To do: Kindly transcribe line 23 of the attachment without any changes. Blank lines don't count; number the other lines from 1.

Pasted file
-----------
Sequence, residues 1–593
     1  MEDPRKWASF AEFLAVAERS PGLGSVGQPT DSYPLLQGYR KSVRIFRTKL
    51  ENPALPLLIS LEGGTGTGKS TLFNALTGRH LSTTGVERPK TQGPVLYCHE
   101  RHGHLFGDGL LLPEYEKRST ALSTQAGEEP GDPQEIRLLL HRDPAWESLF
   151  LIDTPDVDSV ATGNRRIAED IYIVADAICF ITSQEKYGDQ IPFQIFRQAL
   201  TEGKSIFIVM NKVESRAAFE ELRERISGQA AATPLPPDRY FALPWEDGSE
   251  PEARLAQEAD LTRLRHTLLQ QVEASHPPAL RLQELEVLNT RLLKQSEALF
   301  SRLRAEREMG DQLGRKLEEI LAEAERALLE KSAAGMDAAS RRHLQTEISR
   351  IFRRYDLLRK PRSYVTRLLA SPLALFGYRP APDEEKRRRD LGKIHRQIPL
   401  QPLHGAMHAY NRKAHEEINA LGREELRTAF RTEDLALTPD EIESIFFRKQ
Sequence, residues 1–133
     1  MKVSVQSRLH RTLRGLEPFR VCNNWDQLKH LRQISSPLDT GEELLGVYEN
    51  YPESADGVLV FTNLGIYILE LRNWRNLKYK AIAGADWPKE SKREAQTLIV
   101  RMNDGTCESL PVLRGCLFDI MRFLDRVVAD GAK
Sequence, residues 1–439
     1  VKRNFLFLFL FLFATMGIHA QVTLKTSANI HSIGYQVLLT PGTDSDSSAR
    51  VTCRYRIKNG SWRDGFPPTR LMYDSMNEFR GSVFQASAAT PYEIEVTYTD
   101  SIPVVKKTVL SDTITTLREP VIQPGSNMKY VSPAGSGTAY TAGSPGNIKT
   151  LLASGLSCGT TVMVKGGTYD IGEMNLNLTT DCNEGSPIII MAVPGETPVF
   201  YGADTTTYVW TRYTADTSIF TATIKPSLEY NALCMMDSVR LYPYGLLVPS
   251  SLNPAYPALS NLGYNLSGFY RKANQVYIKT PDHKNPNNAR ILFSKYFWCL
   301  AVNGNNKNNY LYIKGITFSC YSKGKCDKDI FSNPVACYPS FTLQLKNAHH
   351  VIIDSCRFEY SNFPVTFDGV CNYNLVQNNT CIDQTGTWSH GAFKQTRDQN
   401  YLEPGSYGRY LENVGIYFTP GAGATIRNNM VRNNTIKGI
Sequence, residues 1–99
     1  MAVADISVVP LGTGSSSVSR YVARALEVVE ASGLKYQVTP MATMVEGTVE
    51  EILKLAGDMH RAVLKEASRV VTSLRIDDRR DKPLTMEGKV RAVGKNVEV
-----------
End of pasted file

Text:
   351  VIIDSCRFEY SNFPVTFDGV CNYNLVQNNT CIDQTGTWSH GAFKQTRDQN